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On This Day…March 10th

An M4A1 Sherman of 1st Armored Division on the road to Lucca, Italy, 10th March 1945.

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Gunther Rall, the third most ‘successful’ wartime fighter pilot (after Barkhorn and Hartmann) was born today one hundred and one years ago. His victories massed despite a year long hiatus from fighting after being shot down and badly wounded at the Eastern Front in 1941. This was the first of three wounds received, having been shot down five times. Some people just don’t learn.

For most of WWII he flew with JG-52, and toward the end of the war he had command of Jagdgeschwader 11 and served in the Defence of the Reich.

In November 1944 Rall was appointed as an instructor and flew captured Allied fighter aircraft (in the ‘LuftRAF’) in order to prepare crib notes to Luftwaffe pilots about enemy aircraft performance.

Rall ended the war with an unsuccessful stint commanding Jagdgeschwader 300 near Salzburg, Austria, where he surrendered in May 1945.

During World War II Rall was credited with the destruction of 275 enemy aircraft in a combined 621 combat missions. He claimed all of his victories in a Messerschmitt Bf 109, (though he also flew the Focke-Wulf Fw 190 – see opening painting, ‘Swansong’ of Rall in a ‘Dora’). All but three of his claims were against Russian aircraft.

Rall met Adolf Hitler three times, and was quoted – at the time, repeated later several times, – as saying, “It was clear to me that this man was a little out of his mind” when they met for the last time, in 1944.

In the process of being shot down multiple times (some records say eight) during the war he sustained serious injuries. The last time was in 1944, when he had his left thumb shot off and his plane shot down during a dogfight with U.S. forces over Germany. He parachuted to safety, landing in a field near Berlin. His glove from this mission is in the Smithsonian Air and Space Museum.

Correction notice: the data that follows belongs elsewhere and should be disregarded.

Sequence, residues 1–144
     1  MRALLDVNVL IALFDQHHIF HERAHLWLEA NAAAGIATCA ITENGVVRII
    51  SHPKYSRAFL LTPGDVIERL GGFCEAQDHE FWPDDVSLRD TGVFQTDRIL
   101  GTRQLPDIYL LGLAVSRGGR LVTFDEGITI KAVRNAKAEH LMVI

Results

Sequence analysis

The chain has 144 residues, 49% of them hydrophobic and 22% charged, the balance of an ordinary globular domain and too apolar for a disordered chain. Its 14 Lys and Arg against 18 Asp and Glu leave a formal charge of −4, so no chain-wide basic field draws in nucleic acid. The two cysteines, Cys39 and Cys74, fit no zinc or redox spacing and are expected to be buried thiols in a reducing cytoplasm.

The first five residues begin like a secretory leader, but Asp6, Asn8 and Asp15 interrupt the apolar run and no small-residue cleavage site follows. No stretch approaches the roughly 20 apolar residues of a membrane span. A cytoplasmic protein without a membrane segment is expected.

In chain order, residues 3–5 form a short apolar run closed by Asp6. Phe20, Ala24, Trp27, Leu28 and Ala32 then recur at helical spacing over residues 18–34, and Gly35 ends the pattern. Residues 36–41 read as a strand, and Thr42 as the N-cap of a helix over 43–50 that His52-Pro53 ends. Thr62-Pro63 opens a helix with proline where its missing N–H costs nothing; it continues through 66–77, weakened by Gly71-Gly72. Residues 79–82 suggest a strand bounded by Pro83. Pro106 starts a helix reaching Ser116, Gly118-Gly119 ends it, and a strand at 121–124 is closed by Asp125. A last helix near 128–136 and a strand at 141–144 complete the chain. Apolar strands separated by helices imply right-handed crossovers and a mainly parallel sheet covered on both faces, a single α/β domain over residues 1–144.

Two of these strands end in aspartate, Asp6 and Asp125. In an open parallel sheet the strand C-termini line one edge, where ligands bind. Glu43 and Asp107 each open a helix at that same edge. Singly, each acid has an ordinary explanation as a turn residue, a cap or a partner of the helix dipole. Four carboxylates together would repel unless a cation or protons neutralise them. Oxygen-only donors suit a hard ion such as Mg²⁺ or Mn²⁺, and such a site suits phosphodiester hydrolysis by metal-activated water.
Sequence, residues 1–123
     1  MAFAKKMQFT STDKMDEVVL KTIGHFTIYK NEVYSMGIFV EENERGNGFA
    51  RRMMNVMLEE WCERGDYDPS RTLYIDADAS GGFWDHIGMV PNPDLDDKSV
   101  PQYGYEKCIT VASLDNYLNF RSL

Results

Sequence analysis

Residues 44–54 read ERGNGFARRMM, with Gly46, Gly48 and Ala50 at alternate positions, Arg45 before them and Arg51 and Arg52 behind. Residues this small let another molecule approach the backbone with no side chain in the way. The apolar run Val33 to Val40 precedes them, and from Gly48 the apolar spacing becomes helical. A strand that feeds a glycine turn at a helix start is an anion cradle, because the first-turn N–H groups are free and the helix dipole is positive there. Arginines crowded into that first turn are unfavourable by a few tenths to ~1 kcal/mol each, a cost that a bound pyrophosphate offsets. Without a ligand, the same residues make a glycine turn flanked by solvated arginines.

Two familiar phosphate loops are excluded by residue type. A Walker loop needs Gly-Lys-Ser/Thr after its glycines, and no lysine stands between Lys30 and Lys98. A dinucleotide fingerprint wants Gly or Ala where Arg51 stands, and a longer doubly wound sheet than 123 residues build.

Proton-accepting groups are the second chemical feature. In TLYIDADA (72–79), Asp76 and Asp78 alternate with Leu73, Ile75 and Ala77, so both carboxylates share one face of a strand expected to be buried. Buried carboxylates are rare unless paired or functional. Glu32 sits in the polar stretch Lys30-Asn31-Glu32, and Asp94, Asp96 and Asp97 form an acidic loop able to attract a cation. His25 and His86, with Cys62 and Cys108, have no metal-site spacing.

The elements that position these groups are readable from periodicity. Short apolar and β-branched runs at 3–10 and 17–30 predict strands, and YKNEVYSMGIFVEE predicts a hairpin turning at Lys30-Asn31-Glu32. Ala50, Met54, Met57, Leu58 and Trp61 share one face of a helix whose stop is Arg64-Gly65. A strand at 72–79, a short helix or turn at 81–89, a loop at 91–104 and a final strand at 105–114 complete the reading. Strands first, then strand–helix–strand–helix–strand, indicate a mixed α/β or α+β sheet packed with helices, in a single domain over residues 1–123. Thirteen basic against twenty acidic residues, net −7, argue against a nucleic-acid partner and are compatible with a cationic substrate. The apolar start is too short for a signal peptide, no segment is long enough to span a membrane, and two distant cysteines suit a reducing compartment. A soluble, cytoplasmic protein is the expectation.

In recent decades, he was a popular presence at gatherings of World War II fighter pilots in the U.S., the U.K. and Russia. He became good friends with the American pilot Col. Hubert ‘the Hub’ Zemke, whose wingman had shot off Rall’s thumb.

Last word to Zemke; “To fighter pilots, politics didn’t matter. They just got together and got drunk.”

Fall in a test flight in the United States, 1971…

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Well known photo of US Army soldiers T/5 William E. Thomas and Private First Class Joseph Jackson having fun marking artillery shells as Easter presents for Adolf Hitler, 10 March, 1945.

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More ‘diorama bait’ – never seen a winter depiction of a battleship before…

Finnish coastal defense ship ‘Ilmarinen’ anchored at Turku harbor in Finland toward the end of the ‘Winter War’ – 10th March, 1940.

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March 1943 ad for a model airplane competition.

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IJN Battleship ‘Kirishima’ at Kure, Japan, 10th March, 1940.

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A Junkers Ju 52 transport is prepared for take-off on an airfield on the Eastern Front, March 10th, 1944.




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Reconnaissance squads head the German advance into Luxembourg, on May 10, 1940.

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Vought F4U 1D Corsairs VMF 222 line up Samar Philippines 10th March 1945

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18 responses to On This Day…March 10th

  1. Man! I think you hit almost every genre of military modeling….as always, great job and thank you, David. Love the Sherman…..one can never complain about anybody’s weathering job after seeing that pic.